I have seen so many Crosslink 3 Old town canoes, Triple Tough Mad River canoes and many lesser brands ALL made from heavy multi-layer that are severely buckled/warped/oil-canned along the keel area. I am certain that these type canoes should NOT be stored upside down on its gunwales like all other canoes. The wieght of the heavy poly eventually will cause hull warping,…especially when coupled with the suns rays/heat. I bought a 10 yr old Mad River Teton and its hull is VERY straight certainly because the owner stored it upright on a flat sandy spot in the shade. Had to replace the rotten seats and thwart but it was cheap. Just thought I would recommend to new owners of these type canoes to consider better storage options. Anybody else have ideas about this?
I think you are 100% incorrect …
… deforming comes from improper storage in all cases I have seen . One of my canoes is poly and it has always been stored resting on it’s gunnels … it has never been stored inside … it does have sun on it during a period of the day … it does not deform but keeps it’s shape perfectly , just as one would wish it to .
“ALL” the poly canoes I have seen that are laid bottom side down on the ground or other surface , or tilted up against a shed wall on one side … have deformed . Ones that are subjected to a great amount of sunlight in hot Wx are the worst . Even storing a poly canoe on it’s side indoors will allow it deform some .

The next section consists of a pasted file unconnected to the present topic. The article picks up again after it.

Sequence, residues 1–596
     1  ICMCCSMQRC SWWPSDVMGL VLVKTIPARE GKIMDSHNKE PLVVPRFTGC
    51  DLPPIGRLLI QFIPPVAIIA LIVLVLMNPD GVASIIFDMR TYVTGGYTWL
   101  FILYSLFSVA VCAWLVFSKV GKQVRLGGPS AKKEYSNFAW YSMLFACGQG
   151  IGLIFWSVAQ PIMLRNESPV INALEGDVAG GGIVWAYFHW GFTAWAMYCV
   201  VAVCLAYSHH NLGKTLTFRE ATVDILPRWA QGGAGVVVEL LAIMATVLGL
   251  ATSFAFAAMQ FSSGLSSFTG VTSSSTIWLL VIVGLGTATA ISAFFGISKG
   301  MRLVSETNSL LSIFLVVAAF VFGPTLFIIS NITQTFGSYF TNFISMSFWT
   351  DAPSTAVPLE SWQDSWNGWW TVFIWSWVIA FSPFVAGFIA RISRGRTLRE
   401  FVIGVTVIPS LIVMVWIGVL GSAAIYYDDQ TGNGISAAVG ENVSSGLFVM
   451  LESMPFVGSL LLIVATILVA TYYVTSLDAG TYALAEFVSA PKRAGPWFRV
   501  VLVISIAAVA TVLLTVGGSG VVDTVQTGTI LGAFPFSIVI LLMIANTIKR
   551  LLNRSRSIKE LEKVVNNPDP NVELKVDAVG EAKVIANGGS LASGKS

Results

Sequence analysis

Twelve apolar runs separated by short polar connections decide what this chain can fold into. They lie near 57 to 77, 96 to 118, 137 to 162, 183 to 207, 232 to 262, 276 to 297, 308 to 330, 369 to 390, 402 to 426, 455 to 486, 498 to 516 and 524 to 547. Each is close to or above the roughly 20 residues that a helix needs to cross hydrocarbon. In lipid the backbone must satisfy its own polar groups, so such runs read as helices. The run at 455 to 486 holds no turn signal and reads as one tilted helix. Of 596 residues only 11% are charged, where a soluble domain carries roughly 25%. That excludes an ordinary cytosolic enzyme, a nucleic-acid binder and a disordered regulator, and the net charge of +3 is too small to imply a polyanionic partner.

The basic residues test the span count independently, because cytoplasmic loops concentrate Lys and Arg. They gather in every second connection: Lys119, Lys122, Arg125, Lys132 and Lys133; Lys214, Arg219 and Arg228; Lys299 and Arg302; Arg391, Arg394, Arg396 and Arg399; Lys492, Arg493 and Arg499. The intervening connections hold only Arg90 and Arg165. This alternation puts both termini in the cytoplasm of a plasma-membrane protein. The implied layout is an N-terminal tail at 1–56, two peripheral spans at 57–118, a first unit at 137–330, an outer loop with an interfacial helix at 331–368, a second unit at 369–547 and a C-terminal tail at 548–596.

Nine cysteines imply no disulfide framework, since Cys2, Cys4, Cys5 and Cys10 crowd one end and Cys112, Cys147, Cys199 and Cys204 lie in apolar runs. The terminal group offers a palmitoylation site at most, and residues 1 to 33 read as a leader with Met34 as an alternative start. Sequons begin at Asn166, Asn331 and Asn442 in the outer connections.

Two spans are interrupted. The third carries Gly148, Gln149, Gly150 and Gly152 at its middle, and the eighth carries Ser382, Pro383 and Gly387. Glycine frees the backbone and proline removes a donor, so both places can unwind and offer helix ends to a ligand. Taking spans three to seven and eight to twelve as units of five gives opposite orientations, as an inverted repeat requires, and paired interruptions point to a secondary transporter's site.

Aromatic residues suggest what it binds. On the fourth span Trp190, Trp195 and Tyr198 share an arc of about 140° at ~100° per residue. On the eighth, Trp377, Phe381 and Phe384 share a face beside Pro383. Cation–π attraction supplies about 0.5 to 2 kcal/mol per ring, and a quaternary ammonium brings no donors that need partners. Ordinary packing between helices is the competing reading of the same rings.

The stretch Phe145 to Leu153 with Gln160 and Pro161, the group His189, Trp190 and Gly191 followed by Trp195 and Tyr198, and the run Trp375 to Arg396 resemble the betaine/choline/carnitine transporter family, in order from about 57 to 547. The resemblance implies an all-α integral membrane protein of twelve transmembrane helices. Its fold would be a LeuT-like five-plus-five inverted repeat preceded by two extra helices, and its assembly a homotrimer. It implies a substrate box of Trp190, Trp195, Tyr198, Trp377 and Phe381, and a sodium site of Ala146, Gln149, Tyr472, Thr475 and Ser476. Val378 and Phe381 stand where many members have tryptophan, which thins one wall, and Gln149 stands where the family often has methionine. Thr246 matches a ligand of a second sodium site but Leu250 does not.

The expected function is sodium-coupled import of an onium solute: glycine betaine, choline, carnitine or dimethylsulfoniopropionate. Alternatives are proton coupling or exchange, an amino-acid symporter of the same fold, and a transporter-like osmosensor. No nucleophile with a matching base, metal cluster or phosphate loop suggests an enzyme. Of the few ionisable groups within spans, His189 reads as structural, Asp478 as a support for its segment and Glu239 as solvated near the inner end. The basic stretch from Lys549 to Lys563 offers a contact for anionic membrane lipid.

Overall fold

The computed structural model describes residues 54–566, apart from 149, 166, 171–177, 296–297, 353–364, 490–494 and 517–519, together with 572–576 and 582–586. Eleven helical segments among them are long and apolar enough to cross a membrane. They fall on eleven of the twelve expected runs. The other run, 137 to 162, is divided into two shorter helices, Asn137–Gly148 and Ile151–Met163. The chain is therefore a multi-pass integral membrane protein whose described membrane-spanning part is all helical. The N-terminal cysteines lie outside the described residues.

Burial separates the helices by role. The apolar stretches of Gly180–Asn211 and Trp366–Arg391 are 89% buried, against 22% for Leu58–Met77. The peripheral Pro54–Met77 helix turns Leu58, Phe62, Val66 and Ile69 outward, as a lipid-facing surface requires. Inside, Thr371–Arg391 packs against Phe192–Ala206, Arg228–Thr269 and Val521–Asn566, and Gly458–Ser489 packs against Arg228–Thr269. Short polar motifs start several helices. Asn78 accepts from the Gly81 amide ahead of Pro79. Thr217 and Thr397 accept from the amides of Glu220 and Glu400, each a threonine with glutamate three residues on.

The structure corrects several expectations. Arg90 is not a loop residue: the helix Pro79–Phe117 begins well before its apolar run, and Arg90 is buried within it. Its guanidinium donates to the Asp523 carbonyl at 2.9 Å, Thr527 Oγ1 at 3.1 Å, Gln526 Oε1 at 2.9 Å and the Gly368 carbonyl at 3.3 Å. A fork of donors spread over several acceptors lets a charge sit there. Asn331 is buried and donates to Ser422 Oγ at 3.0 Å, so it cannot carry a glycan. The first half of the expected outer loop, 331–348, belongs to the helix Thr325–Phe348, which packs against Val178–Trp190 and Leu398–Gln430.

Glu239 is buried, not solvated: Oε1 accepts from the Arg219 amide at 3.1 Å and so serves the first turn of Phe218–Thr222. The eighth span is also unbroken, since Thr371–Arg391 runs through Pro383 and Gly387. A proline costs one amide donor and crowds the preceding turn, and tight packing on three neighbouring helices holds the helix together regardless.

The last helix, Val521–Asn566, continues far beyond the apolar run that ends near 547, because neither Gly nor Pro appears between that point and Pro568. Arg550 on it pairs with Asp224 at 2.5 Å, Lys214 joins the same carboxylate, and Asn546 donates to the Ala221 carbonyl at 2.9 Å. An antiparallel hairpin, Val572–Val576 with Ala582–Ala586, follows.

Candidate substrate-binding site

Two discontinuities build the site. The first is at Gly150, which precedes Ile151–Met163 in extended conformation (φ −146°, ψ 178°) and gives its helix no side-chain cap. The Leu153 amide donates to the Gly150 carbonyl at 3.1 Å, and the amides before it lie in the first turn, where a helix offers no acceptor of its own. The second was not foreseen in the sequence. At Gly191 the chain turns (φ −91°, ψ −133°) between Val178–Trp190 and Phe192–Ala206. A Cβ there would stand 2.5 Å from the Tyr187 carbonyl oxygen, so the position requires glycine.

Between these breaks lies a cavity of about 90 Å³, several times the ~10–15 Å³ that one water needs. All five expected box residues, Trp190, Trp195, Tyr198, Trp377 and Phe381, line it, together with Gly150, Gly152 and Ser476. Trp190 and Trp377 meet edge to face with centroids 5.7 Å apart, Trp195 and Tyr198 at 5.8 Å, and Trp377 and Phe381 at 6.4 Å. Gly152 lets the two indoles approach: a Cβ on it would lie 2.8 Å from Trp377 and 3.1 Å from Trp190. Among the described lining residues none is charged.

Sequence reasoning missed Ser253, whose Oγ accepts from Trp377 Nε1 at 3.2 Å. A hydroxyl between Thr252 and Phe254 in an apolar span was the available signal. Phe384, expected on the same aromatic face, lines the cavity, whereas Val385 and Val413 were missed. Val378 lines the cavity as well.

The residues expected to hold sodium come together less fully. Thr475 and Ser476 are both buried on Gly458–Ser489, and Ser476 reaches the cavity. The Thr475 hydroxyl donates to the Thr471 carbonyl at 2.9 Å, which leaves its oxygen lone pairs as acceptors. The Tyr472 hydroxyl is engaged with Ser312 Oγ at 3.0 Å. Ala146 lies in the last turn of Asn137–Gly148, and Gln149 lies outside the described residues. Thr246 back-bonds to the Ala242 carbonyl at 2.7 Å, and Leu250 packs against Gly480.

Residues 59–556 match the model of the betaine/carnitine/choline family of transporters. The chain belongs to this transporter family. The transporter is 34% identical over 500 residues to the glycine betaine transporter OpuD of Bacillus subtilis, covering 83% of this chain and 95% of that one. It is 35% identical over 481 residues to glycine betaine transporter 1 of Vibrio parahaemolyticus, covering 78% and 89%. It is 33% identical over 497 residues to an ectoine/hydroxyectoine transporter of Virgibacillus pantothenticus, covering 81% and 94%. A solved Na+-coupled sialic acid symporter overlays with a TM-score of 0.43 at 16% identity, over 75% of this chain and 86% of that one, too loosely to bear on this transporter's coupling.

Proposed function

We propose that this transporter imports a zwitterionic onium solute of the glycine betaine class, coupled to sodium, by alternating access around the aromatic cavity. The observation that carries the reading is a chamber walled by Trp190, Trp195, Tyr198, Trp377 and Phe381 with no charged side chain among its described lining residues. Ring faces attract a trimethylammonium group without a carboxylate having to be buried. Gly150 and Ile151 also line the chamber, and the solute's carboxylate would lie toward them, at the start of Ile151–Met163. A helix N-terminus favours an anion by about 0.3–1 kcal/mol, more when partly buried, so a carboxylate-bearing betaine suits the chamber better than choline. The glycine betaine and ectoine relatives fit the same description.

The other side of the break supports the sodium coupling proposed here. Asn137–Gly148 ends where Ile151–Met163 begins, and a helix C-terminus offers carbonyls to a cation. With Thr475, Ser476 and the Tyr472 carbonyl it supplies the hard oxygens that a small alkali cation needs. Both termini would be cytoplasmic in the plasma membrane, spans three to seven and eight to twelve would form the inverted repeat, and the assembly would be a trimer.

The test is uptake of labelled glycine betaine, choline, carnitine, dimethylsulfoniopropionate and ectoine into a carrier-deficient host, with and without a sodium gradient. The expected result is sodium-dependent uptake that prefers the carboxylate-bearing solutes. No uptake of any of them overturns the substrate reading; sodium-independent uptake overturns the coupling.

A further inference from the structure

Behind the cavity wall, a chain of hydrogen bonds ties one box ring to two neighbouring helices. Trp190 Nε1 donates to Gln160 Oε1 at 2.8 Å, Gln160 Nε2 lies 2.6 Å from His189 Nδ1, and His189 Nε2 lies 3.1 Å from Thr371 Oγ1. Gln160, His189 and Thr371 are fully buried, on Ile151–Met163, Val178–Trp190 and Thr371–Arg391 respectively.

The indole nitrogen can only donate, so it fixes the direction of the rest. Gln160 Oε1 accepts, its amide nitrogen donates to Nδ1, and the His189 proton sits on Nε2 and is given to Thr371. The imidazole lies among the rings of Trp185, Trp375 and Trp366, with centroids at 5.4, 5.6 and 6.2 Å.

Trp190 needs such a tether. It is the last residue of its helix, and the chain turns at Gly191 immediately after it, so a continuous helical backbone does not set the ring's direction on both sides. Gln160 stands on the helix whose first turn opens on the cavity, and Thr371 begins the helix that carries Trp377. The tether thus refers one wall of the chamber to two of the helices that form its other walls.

Those are my reasons for disagreement .
When you read over and over again about the best and proper method to set a canoe for storage , and the advice is to set it level on it’s gunnels a reasonable distance from each end … that should give you some idea this has been well tried and other methods fall short or cause problems … my experience agrees .
We should at least mention that when
poly canoes are paddled over logs, rocks, sandbars, etc., the poly can be stretched, after which it tends to pooch upward.
So, if poly canoes warp however they are stored, and warp under normal paddling stresses, why is poly credited as being so durable as a canoe material? If a canoe will not hold its design shape, its ability to resist punctures or tears is irrelevant.
They ALL end up warped? NOT